I have returned again to the Greater Boston Area. Alas, I had to turn down some friends’ offer to join them in P-Town this weekend because of the astounding amount of work that I need to accomplish before moving to Midwestern Funky Town. Have I mentioned previously that moving sucks?
Beyond mourning my departure from Boston and bemoaning my lack of P-Town time, I have also been thinking about a series of comments made by friends while I was in Texas. Who knew that such a short visit to Texas could provide so much blog fodder? Or perhaps I am just obsessed with the Lone Star State in a pathological way. Whichever. . .
From time to time, I heard mention of the local gay bar. One of the nights that I was there, I even suggested to a Sassy friend that perhaps we should check it out. My friend (who, btw, identifies as hetero herself) observed that there was little reason to go that bar as its patrons were almost entirely college-aged heteros, despite its alleged status as the town’s only gay locale.
This got me to thinking about the politics of queer space in a place like a small Eastern-Texas town. Before we start, though, let me make it clear that I am not suggesting that we need to institute “queer-only” spaces. I don’t, for instance, support the Australian guy who wants to ban heteros from his gay bar. Nor am I suggesting that heteros who go to gay bars are somehow out of place or unwelcome.
Queer spaces have usually been created as places that are intentionally open to everybody. It seems to me that trying to exclude people from those spaces would be counter to the notions of sexual freedom for which we fight. I also think that devoting any effort to policing space based on ideas of who “belongs” and those who don’t establishes very bad precedents indeed.
With that acknowledgment, I would suggest that debates about urban space are prevalent both within the queer community and also between the queer community and others. In Los Angeles, for instance, queers are experimenting with claiming allegedly “hetero” places for brief periods. The New York Times featured an article on July 22, 2007 about “flash mobs” of gay men showing up to straight locales, such as bars, and temporarily turning them “gay.”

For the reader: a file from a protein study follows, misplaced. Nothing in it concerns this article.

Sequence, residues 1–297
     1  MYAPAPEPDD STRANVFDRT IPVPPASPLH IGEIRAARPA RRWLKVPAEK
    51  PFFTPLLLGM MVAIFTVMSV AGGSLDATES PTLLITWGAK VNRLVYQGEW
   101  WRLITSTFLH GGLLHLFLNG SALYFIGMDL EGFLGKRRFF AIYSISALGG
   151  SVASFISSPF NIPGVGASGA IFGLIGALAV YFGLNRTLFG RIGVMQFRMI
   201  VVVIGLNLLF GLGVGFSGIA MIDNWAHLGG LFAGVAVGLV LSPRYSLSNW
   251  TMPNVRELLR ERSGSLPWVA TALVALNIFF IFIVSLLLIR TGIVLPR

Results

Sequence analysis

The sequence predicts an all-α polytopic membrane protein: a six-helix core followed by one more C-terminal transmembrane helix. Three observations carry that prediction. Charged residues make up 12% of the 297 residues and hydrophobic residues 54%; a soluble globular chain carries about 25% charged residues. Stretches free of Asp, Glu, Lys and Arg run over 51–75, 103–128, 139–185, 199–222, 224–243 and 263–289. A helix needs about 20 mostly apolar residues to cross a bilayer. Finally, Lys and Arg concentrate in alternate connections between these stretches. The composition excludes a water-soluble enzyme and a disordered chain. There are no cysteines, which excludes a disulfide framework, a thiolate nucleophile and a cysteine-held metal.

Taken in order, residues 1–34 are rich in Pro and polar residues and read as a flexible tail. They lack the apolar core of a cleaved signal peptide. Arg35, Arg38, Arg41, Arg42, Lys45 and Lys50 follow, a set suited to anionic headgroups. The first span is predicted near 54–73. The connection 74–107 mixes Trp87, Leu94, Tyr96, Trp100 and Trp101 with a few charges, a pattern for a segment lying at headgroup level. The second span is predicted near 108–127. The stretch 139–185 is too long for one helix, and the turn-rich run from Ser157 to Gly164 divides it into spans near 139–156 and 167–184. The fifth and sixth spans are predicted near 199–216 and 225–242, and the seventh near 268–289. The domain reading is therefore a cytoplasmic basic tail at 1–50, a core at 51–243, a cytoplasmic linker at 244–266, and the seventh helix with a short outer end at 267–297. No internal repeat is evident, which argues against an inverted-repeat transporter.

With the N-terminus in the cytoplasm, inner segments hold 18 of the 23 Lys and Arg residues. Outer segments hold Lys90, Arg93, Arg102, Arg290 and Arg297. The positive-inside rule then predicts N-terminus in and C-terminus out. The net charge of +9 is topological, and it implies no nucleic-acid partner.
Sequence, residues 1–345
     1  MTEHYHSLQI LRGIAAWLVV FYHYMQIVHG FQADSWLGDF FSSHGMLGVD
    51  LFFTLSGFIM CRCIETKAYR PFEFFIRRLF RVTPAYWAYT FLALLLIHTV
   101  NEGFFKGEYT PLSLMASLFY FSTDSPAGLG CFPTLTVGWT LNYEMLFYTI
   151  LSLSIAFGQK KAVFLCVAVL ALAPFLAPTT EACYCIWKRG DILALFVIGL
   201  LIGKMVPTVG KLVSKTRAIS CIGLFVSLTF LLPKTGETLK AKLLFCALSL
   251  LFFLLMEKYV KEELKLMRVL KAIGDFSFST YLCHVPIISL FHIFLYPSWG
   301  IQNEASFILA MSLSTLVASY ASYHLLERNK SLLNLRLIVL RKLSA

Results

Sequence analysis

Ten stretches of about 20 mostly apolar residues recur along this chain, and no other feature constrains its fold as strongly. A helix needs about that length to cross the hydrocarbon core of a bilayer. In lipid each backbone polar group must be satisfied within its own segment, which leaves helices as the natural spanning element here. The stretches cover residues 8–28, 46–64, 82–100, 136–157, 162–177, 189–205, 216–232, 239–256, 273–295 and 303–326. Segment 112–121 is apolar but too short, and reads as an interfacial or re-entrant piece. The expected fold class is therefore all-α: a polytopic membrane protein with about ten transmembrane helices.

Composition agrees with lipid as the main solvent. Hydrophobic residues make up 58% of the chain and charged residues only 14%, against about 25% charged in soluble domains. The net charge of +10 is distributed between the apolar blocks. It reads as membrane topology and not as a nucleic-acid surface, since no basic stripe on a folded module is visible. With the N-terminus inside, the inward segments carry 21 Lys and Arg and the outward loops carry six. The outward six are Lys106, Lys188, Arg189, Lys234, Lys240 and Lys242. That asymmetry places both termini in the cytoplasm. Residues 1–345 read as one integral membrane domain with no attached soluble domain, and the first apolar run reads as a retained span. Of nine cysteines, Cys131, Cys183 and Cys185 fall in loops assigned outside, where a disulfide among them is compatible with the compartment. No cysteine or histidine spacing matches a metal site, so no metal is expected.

Yet, the leaders' explanations about these assemblages don’t seem to be about remaking the urban landscape per se. Rather, they argue that their activities are in opposition to already established gay bars and clubs. Matthew Poe, an organizer for the flash mobs, stated that he sees it as a means to break down queer spaces. “There’s a place for gay bars," Poe said, "but we feel gay people have become so segregated that some of them don’t go out into the wider community anymore.”
I confess that I am confused about how taking over a place with hundreds of gay men (who quickly outnumber the hetero population) really places one within a “wider community.” Nor do I like the idea of repudiating other queer spaces as if they exist outside of our society. Right now, though, there is a certain vogue in queers critiquing queer places. This has lead to others hysterically predicting the demise of gay bars as we know them.
As I have mentioned previously, I actually have little fear that queer spaces will simply disappear. Men and women interested in same-sex sex are always going to want a place where they can meet people like themselves for sex and/or relationships. Mixed crowds are too much effort when you want a sure thing.
Still, we are seeing changes as the queer community adjusts to the internet, a renewed emphasis on marriage, and altered attitudes about sexuality. Boston and other major cities are grappling with keeping gay bars viable, but the ones that remain are still largely queer (but welcome most people (assuming one wears the appropriate costume. (As an aside, I so prefer the Boston model of gay bar where the emphasis is on drinking over dancing. Bostonians have the good sense not to be distracted from the real goal of going to a bar (besides sex with men))).
The case of the bar in Texas, however, raises a different set of issues than all of that. This is a question of appropriation in a place where queer civil rights are actively undermined by the majority population. This is not about queers finding new spaces, but rather about one of the few queer spaces being turned into something else.
When I first moved to that Texas town, there was not a single gay meeting spot in the entire community. For a place with a substantial college-aged population, that seemed shocking to me. Then again, it was Texas. They don’t like things that they imagine scare the horses.